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Virgin Atlantic to ask for state aid to avoid bankruptcy

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The Financial Times has reported this afternoon that Virgin Atlantic is about to submit an official request for state aid to avoid bankruptcy.

The article is behind a paywall but you can see it by clicking here to trigger the correct Google search and then clicking the top result.

As we covered on Monday, the Government has ruled out offering a sector-wide package of support for the aviation industry.  The letter from the Chancellor – there is a PDF of the letter in our article – said that the Government would only be willing to open discussions as a ‘last resort’.

Virgin Atlantic to ask for state aid

The FT claims that easyJet, Loganair, Eastern and Norwegian are considering a similar request.  Loganair and Eastern are considered more likely to be successful given their role in supporting the UK regions – although this logic didn’t help Flybe when it requested support.  I imagine that Loganair would get support from the Scottish Parliament if it came to the crunch.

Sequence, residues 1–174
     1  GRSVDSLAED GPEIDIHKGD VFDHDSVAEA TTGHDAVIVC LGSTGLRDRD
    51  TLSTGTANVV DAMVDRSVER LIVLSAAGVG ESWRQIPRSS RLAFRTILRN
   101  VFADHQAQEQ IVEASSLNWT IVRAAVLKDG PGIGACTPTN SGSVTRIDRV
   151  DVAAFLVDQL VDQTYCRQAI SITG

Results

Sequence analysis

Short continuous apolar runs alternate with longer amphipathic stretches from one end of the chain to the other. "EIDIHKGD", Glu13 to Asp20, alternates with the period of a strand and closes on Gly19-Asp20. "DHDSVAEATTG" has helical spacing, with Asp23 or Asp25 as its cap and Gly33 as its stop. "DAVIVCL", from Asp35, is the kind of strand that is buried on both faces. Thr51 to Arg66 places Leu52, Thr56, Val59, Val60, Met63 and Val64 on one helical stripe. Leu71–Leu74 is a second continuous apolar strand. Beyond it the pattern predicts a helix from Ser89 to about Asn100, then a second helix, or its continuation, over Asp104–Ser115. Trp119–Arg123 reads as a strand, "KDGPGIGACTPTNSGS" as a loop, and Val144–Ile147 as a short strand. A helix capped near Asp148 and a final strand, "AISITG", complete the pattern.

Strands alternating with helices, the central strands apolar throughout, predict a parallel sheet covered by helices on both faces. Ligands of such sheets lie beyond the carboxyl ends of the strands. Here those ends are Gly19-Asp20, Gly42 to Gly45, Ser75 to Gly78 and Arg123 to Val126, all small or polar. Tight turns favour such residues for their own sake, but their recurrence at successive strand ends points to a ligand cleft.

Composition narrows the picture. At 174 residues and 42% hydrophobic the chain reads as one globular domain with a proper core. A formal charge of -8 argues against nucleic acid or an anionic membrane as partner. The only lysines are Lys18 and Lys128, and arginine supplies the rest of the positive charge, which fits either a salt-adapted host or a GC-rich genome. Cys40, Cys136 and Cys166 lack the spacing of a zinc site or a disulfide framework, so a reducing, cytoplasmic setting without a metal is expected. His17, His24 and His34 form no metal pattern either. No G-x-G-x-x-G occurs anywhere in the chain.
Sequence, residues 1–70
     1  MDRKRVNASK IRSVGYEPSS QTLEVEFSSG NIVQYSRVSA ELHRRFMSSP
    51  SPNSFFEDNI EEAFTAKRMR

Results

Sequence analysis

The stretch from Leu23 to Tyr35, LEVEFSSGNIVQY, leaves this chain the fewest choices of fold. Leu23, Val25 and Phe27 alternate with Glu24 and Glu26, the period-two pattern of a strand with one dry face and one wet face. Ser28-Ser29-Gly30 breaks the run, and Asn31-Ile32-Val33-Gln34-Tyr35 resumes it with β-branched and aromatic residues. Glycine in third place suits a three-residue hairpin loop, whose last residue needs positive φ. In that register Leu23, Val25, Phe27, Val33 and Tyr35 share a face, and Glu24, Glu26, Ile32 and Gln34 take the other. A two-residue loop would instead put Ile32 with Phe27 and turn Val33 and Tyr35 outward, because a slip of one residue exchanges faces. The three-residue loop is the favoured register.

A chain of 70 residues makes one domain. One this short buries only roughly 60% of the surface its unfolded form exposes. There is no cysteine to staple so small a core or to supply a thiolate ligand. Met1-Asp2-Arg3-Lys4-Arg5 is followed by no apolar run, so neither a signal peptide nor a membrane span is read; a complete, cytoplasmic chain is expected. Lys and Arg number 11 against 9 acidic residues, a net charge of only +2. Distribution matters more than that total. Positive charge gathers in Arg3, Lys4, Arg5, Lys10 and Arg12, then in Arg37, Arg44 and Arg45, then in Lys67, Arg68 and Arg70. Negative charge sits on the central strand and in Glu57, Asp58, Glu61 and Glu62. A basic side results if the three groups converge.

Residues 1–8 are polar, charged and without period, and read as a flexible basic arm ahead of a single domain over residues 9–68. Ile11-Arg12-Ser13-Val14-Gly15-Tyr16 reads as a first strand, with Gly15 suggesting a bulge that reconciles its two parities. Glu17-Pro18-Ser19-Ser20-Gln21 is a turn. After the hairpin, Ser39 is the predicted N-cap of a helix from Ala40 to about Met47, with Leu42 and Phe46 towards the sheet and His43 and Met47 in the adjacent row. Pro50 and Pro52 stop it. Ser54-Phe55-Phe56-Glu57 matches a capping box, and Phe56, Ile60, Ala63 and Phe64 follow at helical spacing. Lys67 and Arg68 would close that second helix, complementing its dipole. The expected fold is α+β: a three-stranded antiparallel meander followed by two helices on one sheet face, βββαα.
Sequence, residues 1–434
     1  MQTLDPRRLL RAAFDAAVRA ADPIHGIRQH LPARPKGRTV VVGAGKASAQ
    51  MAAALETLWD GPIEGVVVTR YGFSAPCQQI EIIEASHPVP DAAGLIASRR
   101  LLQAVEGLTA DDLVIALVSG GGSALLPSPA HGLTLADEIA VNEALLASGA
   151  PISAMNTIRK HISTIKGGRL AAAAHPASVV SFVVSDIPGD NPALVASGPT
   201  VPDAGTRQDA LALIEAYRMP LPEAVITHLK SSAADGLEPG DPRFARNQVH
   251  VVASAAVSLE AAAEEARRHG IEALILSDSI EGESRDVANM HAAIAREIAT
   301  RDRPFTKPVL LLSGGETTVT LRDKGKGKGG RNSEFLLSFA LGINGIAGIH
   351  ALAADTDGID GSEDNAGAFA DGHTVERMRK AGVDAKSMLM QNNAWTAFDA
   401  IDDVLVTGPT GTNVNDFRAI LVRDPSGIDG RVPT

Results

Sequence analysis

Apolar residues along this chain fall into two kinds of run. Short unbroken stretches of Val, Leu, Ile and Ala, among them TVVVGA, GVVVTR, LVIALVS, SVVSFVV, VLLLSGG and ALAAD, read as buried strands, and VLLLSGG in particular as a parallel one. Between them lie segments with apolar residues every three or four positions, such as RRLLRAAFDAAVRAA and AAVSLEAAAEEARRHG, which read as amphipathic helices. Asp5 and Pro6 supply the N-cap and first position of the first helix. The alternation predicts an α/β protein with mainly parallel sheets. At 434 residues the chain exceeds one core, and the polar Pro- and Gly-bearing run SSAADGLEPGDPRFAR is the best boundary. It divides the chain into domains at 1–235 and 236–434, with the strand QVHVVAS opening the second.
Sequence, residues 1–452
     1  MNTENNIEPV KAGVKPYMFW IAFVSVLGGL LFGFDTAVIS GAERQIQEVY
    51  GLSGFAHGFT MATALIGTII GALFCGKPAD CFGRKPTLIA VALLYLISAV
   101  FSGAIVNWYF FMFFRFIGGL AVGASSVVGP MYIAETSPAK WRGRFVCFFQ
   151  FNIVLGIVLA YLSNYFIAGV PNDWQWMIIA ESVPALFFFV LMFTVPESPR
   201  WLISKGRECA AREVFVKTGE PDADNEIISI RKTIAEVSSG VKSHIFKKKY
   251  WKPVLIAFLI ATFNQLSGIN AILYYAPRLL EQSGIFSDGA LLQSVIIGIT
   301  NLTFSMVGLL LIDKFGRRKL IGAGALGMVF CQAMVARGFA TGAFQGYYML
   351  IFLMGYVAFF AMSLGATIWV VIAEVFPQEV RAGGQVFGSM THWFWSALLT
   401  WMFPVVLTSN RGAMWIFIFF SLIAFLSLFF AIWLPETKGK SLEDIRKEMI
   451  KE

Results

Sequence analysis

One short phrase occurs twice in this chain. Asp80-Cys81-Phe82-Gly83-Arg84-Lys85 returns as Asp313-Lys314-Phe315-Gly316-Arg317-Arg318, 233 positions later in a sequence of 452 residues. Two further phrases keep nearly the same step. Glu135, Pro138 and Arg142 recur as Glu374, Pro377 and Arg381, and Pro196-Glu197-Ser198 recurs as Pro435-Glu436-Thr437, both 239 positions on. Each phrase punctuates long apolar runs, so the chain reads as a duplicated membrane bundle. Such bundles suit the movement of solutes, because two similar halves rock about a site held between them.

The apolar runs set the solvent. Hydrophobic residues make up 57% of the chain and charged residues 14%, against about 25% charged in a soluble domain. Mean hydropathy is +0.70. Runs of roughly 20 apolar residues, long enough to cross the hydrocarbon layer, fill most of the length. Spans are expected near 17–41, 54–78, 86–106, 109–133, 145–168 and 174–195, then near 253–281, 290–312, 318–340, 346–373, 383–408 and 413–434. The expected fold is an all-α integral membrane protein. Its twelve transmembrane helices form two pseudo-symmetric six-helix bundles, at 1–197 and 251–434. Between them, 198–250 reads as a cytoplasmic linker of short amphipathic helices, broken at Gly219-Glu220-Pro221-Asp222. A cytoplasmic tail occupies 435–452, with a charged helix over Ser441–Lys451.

The strategy of trying to end up as ‘last man standing’ before asking for support, because you can’t let the last man collapse, does work as you can see.

Part of the problem is believed to be the diverse ownership base of UK airlines.  British Airways is part of a Spanish company whose dominant shareholder is the state of Qatar.  Virgin Atlantic is 49% owned by a US airline.  Wizz, Norwegian and Ryanair’s UK operations are subsidiaries of Hungarian, Norwegian and Irish airlines.  Even easyJet, which is UK headquartered and listed, is 36% controlled by Sir Stelios Haji-Ioannou who is based in Monaco.

The article also contains some interesting cash burn figures: